First-half results to 29 July
- Total revenue up 8% to £4.78 billion
- Pre-tax profit and adjusted items down 2.6% to £373.5 million
- Interim dividend of 0.30p per share, up from 0.13p
- Net cash up 26% to £1.27 billion
Continues to expect full-year profit before tax and adjusted items to prove in line with City estimates of around £1.04 billion
Chief executive Régis Schultz said:
“Looking ahead, our core consumers remain resilient in the face of the ongoing global macro-economic challenges. The JD brand continues to strengthen its global presence, supported by our strategic partnerships with much-loved brands and our strong balance sheet."
Global sports retailer JD Sports Fashion (LSE:JD.) today detailed first-half results broadly in line with City estimates as it reiterated hopes for annual profit to rise around 5% to more than £1 billion.
Sales for the six months ended late July rose 8% year-over-year to £4.78 billion, with early second-half sales up 10%, defying recent downbeat trading updates from US rivals Foot Locker Inc (NYSE:FL) and Dick's Sporting Goods Inc (NYSE:DKS).
Shares in the FTSE 100 company rose 6% in UK trading having fallen by around 12% over the last month. Foot Locker and Dicks Sporting Goods are both down by more than a fifth over that time, similar to trainers giant Nike. The FTSE 100 index itself is up 6% over the last month.
JD, whose brands include Size?, Finish Line and ShoePalace, pointed to improved US trading in July compared to a slow June. A lack of new product releases in June contrasted with strong 'back to school' sales in July.
North American sales for the half-year rose by almost a fifth to £1.39 billion, but that growth was exceeded by a near one-third increase in Europe year-over-year to £774 million. UK and Irish sales improved 8% to £1.2 billion. Asia Pacific sales gained by just over a fifth to £231 million.
Adjusted group profit for the period fell 2.6% to £373.5 million despite its gross profit margin remaining robust at 48%, although down from 48.5% this time last year, given ongoing investment expenditure and increased marketing spend.
Broker UBS reiterated its ‘buy’ stance on the shares post the results. A further trading update is scheduled for mid-January.
Headquartered in Bury, Manchester, this FTSE 100 retailer operates over 3,300 stores in over 35 different countries. Employing around 75,000 people, footwear generates most of its sporting sales at just over half, followed by apparel at just over a third and accessories much of the balance. JD also operates outdoor brands in the UK such as Blacks, Millets and Go Outdoors accounting for around 5% of overall group revenues.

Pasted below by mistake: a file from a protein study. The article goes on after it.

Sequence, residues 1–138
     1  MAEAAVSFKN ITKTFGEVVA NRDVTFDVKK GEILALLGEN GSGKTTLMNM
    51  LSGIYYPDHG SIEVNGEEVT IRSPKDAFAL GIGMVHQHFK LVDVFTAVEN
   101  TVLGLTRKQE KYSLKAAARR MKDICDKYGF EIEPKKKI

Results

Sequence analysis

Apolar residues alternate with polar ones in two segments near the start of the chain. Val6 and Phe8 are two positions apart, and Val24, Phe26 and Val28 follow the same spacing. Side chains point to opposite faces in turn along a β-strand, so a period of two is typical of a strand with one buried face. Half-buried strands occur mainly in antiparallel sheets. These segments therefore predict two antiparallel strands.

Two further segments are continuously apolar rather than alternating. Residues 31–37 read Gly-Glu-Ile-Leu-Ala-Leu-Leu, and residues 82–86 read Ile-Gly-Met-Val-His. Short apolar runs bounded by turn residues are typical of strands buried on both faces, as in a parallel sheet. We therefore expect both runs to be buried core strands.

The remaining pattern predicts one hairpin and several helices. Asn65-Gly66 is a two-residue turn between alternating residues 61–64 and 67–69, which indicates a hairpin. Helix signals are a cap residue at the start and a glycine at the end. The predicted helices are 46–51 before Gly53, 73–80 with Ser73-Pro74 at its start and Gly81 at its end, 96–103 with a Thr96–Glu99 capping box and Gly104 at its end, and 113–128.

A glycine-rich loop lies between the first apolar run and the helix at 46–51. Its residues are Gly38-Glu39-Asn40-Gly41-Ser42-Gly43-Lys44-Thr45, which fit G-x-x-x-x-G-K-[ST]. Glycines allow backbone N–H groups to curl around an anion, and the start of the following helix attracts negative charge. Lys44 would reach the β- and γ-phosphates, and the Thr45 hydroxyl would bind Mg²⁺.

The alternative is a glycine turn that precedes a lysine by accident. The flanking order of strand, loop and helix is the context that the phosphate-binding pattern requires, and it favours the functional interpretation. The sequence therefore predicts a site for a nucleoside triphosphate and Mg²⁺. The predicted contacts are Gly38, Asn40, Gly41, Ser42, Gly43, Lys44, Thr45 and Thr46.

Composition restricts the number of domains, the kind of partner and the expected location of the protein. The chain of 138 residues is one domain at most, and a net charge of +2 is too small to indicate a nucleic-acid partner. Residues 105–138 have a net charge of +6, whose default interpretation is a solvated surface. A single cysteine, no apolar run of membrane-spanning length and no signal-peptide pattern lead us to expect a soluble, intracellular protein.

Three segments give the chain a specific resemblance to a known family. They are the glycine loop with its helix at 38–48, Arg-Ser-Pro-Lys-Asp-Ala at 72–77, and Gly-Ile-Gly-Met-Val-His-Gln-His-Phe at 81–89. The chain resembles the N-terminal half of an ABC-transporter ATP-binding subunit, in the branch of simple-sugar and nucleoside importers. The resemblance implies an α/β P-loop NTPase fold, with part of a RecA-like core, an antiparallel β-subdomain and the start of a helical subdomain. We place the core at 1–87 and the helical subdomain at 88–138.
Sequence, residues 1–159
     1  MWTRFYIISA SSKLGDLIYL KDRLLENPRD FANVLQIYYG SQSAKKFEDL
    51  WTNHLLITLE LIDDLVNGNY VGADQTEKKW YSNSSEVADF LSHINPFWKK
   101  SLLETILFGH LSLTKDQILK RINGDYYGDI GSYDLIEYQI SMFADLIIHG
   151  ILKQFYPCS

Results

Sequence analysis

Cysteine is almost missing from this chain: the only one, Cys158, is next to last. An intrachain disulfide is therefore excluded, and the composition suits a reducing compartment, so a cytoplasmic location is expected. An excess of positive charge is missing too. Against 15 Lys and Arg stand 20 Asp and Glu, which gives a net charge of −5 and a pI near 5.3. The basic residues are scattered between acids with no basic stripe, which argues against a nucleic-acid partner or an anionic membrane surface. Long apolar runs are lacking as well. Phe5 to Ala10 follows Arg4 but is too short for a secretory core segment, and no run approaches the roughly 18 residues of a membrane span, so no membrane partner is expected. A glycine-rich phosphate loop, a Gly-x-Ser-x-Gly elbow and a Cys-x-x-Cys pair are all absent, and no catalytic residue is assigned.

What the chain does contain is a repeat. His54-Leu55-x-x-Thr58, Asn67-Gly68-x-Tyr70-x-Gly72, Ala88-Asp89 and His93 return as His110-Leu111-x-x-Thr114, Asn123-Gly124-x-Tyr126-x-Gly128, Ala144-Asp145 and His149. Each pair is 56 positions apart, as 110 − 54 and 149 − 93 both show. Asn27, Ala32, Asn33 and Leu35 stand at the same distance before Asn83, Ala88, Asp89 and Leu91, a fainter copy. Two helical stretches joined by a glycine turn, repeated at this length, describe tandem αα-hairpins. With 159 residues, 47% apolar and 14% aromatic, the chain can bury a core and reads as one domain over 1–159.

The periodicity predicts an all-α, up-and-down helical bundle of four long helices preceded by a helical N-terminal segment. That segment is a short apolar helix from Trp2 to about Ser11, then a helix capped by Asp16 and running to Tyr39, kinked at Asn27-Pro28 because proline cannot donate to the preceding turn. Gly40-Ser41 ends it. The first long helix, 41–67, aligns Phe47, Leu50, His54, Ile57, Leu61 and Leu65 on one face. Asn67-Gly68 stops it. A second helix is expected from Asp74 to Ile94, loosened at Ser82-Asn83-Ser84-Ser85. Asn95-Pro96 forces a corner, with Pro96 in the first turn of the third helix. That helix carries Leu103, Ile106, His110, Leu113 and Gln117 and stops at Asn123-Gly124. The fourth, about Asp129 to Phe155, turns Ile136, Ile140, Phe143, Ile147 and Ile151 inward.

For investors, the still challenging backdrop for consumers globally, including heightened interest rates, cannot be ignored. Costs generally for businesses remain elevated, sporting goods makers such as Nike are looking to build on their own direct relationship with consumers, particularly online, while a forecast dividend yield of under 1% contrasts with yields of over 4% elsewhere in the retail sector.
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On the upside, both brand and geographical diversity are strong, and new stores continue to be opened, with more than 200 scheduled during the second half. Bolt-on acquisitions are still being found as shown by its recent acquisition of French sportswear retailer Courir. JD’s relatively young customer base, potentially living with their parents, arguably remains less exposed to current economic challenges, while its balance sheet looks robust with over £1 billion of net cash held.
On balance, and despite ongoing risks, growth potential plus a consensus analyst estimate of fair value at over 200p should be enough to keep long-term fans onboard.
- Diversity of product, brand name and geographical location
- Continued new store openings
- Uncertain economic outlook
- Subject to currency movements
The average rating of stock market analysts:
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